Name resolution problem

Dave Rudisill hath wroth:
Yes, two:
1, Run: IPCONFIG /FLUSHDNS to clear the cache.
2. Disable the DNS cache.
formatting link
worst part is that it will also cache failed DNS lookups for 15 minutes and valid (but out of date) DNS lookups for a full day.
Reply to
Jeff Liebermann
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We travel full-time, so I connect with different WiFi networks all the
time. I have had a nagging problem that occurs regardless of the network
and regardless of which WiFi adapter I use.
I boot up (Windows XP SP2), find a nearby network, and connect. Works
good. I disconnect after doing my business. When I reconnect with the
same network from the same location later, I almost never get name
resolution until I reboot the laptop; then things work fine again.
I have tried:
-- "Repair" the connection
-- Disable/unplug the WiFi adapter, let Windows rediscover it, and
connect again
Any suggestions?
Thanks.
Reply to
Dave Rudisill
By which I mean that I can ping sites by IP address, but not by name.
Reply to
Dave Rudisill
All right! The IPCONFIG/FLUSHDNS didn't do it, but stopping the DNS cache (net stop dnscache) fixed the problem.
Thanks.
Reply to
Dave Rudisill
Hay-Zeus, they've done it again. Ignoring the TTL for a name lookup? MS really *does* ignore the rules everyone else uses to make the internet work.
Not that I'm suprised, I'd just never heard about this particular monstrosity before. This renders dynamic DNS (not that I'm a fan of it) pretty much useless...
JS
Reply to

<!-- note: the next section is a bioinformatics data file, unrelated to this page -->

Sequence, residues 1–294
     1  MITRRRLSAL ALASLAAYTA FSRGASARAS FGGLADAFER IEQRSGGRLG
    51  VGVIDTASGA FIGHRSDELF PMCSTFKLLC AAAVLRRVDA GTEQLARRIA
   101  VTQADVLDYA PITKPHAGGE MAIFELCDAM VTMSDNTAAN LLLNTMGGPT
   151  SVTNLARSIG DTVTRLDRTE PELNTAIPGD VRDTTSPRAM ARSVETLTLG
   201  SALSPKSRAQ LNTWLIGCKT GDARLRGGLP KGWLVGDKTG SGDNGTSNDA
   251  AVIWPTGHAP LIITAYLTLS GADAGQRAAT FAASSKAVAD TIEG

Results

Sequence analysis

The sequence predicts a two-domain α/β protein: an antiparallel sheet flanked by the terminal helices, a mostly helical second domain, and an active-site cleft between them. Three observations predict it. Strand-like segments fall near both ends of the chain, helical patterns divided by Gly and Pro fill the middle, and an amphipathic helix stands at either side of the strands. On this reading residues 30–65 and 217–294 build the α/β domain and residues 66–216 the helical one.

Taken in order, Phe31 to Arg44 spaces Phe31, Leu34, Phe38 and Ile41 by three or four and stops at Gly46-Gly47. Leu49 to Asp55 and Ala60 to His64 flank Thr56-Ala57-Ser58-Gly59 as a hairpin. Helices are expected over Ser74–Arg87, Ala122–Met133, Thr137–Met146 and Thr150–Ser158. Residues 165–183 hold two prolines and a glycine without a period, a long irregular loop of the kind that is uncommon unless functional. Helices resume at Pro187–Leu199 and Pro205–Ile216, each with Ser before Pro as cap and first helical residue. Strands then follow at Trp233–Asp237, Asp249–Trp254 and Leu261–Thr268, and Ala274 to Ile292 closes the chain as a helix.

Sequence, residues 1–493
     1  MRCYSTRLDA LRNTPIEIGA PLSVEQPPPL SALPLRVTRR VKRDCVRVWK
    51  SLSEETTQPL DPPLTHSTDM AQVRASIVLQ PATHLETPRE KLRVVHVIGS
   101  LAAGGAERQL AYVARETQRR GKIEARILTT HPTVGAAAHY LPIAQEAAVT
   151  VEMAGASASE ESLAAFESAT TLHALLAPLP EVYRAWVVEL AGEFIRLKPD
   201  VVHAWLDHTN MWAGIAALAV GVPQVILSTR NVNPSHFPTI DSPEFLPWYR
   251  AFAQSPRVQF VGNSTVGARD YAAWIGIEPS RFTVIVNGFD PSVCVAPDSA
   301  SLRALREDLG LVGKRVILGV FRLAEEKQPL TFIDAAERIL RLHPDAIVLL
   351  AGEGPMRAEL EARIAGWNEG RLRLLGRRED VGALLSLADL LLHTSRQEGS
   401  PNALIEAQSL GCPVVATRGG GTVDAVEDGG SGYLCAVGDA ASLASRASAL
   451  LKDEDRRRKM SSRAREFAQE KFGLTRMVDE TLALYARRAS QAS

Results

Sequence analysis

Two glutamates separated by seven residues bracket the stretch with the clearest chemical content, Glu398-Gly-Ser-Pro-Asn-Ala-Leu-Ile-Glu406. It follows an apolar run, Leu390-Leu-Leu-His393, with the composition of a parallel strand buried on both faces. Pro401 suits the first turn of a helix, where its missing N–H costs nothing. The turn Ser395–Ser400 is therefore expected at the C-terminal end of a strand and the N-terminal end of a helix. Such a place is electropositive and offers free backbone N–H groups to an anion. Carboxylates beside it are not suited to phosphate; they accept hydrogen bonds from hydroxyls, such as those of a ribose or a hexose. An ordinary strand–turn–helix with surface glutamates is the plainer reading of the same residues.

John Schmidt
In my case, my poor laptop is being seen twice. I could ping laptop, and that would be the correct IP address. If I did a ping laptop.full.domain it would be a different address, usually the one from my last connection.
This would bother some connections, but not others. Telnet and VNC work, Remote Desktop and File Sharing do not. MSExchange works.
flushdns/registerdns, and several incantations of nbtstat don't help. ipconfig /displaydns would expose that the old address was still there, even if I hadn't done a ping recently.
Manually going in to the DNS server and deleting the stale entry would make it work for a while, until I changed addresses again.
This one isn't Windows' fault, at least not as a client, because it affects Unix connections to my laptop as well. The DNS server is Windows, so the problem is probably there, but it only seems to affect a couple of laptops in the company... but the symptoms are obscure, so maybe others are affected and just don't notice.
Reply to
dold

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